The German biomedical research sector has welcomed today the publication of comprehensive statistics (2019), from across the EU, including Germany, on all uses of animals in scientific, medical and veterinary research.
The headline figures in the European Commission report show that the total number of animals used in the EU in 2019 was 9,132,775 (similar to 2018 8,921,758). In 2019, 87% of the total were mice, fish and rats, whereas dogs, cats and monkeys account for just over 0.2% (2018 0.3%) of the total – those percentage figures also includes Norway.
The total is made up of animals used in basic and applied research, and regulatory studies aimed at ensuring the safety of medicines and other products, routine production and education and training.
EU statistics were also released for animal use in Germany in 2019, although these have been superseded by the national release of the 2020 statistics. According to the EU statistics, the most used animals in Germany in 2019 were mice, fish and rats – dogs, cats, and monkeys made up 0.27% (2018 0.32%) (see also Notes to Editors below).
Like humans, non-human primates (NHPs) have a prefrontal cortex, which is the part of the brain involved in cognitive behaviour. This means that NHPs can help scientists understand how the brain works and help us develop treatments for neurological conditions like Alzheimer’s, Parkinson’s and OCD.
Dogs can be used to test new drugs before clinical trials are conducted in humans, while monkeys are also used in drug testing and have played a significant role in research in AIDS and developing treatments for Parkinson’s disease, as well as the Covid-19 vaccine during the 2020-21 pandemic.
According to the EU statistics, the top three EU countries for animal use in 2019 were Germany 1,811,270 (2018 - 1,629,228); France 1,738,756 (2018 - 1,752,906) and the UK 1,681,383 (2018 - 1,749,901).
Germany’s biomedical sector has confirmed its commitment to openness and 53 institutions, from both public and private research, have signed a Transparency Agreement to communicate in a more open way about how animals are used in research.
EARA executive director, Kirk Leech, said: “All Covid-19 vaccines were developed and tested using animals and they are also essential for our understanding of diseases such as cancer and Alzheimer’s. These figures demonstrate that the biomedical community has nothing to hide about its research using animals and will continue to bring its benefits to patients across Europe.”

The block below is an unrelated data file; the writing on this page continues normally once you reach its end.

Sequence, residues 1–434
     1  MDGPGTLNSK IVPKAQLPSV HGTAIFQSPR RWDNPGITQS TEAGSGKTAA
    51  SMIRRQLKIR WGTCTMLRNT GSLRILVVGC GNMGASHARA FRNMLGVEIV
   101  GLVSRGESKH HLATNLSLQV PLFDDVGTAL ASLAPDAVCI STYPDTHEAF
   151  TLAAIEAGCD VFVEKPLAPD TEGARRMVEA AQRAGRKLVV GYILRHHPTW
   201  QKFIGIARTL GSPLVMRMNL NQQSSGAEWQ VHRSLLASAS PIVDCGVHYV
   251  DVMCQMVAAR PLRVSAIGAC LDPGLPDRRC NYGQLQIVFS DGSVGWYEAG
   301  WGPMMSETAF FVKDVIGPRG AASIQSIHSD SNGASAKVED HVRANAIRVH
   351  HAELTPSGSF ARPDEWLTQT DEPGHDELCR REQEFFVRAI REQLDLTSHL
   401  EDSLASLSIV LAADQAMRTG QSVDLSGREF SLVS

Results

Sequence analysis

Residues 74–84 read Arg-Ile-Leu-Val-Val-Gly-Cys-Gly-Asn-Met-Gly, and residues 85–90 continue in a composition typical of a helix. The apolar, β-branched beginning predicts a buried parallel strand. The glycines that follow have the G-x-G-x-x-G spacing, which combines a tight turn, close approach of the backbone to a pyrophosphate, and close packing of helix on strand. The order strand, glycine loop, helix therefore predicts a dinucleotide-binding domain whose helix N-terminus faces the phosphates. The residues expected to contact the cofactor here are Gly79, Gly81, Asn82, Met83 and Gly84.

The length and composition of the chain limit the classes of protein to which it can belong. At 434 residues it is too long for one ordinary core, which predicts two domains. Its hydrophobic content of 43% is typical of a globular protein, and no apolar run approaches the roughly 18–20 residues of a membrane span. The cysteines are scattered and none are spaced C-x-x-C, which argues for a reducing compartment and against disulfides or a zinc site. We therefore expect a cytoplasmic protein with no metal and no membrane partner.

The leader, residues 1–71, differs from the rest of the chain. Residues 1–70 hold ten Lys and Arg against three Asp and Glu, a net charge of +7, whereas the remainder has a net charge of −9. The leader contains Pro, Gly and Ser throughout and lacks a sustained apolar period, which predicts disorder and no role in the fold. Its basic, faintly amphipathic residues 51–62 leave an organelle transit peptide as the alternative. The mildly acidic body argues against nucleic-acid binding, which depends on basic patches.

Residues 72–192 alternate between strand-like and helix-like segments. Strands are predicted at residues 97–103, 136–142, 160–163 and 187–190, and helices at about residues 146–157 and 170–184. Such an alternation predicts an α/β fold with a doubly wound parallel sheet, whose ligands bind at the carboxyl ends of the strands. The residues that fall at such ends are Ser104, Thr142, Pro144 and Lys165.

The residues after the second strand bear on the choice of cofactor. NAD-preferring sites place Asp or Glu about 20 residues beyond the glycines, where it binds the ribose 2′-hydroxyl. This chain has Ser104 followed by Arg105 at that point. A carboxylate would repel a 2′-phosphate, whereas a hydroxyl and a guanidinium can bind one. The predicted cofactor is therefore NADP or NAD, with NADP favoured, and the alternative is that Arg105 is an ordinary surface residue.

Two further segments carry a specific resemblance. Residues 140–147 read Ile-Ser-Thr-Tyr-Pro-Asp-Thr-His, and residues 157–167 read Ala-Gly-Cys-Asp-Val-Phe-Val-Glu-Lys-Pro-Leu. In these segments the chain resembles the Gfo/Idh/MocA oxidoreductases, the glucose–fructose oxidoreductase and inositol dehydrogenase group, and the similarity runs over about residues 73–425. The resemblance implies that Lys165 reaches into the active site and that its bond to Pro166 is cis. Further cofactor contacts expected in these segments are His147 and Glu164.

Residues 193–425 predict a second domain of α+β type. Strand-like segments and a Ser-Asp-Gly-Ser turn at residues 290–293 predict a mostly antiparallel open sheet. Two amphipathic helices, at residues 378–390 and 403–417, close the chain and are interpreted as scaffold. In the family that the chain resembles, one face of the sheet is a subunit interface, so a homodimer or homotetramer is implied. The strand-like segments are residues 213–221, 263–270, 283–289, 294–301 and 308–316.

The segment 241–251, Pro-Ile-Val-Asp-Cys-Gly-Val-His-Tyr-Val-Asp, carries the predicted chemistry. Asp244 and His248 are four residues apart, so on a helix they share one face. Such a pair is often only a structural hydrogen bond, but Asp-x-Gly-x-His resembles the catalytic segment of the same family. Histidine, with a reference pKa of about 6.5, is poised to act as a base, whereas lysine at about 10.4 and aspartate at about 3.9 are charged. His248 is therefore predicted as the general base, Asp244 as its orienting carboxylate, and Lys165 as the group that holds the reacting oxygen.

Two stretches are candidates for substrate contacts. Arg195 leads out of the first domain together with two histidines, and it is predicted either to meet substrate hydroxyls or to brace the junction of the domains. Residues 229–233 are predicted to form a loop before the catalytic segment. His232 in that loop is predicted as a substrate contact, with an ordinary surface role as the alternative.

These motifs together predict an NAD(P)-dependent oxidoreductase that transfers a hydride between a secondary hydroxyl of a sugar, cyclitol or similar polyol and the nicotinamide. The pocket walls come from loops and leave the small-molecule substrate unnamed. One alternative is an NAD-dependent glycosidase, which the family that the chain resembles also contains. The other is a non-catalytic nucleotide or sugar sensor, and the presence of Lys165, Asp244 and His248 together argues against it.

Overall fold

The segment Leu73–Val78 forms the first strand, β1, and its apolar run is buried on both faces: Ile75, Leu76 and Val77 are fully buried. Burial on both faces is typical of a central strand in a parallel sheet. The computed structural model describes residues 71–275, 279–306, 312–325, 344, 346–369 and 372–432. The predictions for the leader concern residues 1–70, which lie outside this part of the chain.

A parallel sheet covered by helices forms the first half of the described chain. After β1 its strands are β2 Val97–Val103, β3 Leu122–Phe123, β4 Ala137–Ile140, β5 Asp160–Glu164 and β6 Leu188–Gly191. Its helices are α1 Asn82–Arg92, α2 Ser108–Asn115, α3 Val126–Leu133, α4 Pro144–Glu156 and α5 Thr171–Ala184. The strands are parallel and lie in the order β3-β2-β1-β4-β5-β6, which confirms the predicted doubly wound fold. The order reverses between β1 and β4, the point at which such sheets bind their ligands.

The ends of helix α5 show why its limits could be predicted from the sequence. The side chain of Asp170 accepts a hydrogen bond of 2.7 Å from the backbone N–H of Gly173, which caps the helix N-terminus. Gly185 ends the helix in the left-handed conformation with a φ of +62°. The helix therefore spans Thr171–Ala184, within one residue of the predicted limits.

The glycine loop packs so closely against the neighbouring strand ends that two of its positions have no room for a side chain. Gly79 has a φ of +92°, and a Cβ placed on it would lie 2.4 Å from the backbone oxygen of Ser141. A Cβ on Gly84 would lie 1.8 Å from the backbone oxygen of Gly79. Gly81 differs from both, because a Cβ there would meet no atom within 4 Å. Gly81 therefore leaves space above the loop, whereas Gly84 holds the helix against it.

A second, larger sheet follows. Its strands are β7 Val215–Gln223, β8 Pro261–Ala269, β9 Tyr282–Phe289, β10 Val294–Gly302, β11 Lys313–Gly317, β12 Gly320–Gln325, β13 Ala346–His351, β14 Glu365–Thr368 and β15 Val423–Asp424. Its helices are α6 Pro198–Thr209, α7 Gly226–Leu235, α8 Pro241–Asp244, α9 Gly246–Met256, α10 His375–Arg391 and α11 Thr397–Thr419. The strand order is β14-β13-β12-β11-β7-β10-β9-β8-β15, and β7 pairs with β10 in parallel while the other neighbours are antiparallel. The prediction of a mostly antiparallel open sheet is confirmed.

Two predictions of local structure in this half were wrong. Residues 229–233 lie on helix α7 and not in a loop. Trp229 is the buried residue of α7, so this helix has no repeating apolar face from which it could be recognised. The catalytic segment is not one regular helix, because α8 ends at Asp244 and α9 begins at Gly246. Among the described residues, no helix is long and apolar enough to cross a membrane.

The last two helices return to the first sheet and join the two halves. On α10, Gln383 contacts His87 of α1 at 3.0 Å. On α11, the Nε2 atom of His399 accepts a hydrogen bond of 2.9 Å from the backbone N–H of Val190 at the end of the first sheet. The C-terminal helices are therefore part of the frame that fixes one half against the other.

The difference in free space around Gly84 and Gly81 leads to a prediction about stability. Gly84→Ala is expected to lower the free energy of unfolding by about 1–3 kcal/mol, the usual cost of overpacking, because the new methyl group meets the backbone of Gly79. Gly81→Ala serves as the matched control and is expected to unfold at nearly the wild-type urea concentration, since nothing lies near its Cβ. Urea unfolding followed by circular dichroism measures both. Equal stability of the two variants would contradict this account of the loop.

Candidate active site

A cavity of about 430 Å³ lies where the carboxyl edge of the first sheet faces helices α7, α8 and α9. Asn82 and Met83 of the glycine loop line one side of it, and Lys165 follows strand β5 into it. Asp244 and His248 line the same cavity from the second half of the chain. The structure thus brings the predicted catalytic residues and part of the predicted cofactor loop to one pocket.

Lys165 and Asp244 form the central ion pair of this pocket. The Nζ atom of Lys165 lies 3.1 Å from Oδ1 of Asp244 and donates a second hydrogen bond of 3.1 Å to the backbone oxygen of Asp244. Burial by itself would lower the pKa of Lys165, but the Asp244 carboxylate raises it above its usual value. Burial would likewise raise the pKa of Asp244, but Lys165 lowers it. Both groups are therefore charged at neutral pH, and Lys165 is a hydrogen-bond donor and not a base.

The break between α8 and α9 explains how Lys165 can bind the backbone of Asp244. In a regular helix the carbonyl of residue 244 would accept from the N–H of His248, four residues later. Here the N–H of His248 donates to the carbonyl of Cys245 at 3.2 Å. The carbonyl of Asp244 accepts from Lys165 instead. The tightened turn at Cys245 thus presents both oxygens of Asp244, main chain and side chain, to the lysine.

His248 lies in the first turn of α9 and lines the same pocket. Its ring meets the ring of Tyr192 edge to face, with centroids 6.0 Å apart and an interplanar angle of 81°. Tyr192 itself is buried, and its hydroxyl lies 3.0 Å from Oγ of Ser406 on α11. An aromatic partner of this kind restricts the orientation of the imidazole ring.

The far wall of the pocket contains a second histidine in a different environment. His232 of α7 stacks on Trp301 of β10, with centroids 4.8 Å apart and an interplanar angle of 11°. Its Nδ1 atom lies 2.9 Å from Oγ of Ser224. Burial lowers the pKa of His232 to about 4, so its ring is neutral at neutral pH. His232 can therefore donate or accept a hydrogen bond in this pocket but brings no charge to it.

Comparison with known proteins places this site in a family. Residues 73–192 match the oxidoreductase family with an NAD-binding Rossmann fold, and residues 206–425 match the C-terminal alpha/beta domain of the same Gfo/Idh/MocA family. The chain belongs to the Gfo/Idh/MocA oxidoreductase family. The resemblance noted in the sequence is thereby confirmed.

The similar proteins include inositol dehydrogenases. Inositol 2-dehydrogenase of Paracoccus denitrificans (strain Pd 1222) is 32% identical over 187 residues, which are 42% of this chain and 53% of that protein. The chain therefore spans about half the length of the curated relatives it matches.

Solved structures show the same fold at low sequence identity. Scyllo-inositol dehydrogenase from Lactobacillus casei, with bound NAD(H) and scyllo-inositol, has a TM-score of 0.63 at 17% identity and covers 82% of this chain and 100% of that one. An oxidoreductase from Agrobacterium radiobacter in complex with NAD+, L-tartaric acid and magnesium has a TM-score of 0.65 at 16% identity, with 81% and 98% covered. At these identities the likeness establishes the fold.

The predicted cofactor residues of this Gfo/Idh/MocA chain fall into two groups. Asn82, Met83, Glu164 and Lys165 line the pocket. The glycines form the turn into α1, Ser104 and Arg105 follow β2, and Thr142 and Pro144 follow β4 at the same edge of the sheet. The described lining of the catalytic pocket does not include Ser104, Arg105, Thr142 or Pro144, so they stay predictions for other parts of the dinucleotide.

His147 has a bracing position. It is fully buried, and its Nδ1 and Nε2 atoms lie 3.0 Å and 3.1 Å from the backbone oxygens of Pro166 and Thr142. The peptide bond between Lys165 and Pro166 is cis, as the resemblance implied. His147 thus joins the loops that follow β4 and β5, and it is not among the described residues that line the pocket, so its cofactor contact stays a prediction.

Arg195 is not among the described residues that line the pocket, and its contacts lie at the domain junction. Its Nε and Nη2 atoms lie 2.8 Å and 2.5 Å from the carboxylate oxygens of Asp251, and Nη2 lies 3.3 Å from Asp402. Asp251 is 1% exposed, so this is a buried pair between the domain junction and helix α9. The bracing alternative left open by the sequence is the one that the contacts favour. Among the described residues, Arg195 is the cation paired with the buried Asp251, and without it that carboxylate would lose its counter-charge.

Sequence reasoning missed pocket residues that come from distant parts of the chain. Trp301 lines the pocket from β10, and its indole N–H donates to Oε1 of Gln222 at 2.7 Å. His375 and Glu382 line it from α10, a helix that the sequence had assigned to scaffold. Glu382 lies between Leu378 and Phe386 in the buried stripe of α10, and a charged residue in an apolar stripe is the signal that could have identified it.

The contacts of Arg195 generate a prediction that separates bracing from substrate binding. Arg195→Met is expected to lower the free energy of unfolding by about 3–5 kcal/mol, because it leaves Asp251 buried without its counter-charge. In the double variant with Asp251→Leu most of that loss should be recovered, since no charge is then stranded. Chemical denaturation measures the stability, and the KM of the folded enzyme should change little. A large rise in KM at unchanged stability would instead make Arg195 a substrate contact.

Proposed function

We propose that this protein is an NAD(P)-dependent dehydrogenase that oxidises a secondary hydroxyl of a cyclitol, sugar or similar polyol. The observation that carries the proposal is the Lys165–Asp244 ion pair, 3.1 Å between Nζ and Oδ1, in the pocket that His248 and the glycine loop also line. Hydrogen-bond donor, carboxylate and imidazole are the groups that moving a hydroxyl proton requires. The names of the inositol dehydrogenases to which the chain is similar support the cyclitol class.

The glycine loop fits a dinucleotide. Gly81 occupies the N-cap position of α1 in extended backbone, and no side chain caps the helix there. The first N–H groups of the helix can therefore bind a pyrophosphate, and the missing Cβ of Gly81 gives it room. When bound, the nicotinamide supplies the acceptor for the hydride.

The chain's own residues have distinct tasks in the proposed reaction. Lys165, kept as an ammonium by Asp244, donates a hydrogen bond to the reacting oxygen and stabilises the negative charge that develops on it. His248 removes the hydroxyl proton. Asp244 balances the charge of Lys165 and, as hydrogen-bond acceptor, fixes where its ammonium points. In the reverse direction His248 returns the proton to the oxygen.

Separate figures were also produced to record the number of animals used for the creation and maintenance of genetically altered animal lines, across the EU-28 (plus Norway) in 2019 this was 1,208,305 (2018 - 1,520,791).
For further information contact EARA Communications Manager, Bob Tolliday email@example.com on +44 (0)20 3355 3095 or +44 (0)77 1552 5535
Notes to the editor
Animal research is strictly regulated under the EU Directive 2010/63. Every procedure, from a simple blood test to major surgery, requires individual, establishment and project licences, as well as approval from animal welfare and ethical review bodies.
All organisations are committed to the ‘3Rs’ of replacement, reduction and refinement. This means avoiding or replacing the use of animals where possible; minimising the number of animals used per experiment and optimising the experience of the animals to improve animal welfare. However, as institutions expand and conduct more research, the total number of animals used can rise even if fewer animals are used per study.
Since 2013, it has been illegal to sell or import cosmetics anywhere in the EU where the finished product or its ingredients have been tested on animals.
Dogs are currently being used to develop treatments for Duchenne muscular dystrophy, a debilitating muscle wasting disease that has no cure and ultimately leads to early death.
The European Animal Research Association (EARA) is an organisation that communicates and advocates on biomedical research using animals and provides accurate, evidence-based information. It has 135 member organisations, including private and public research bodies, universities, regional and national biomedical associations and suppliers, across 21 European countries and 28 in total across the globe.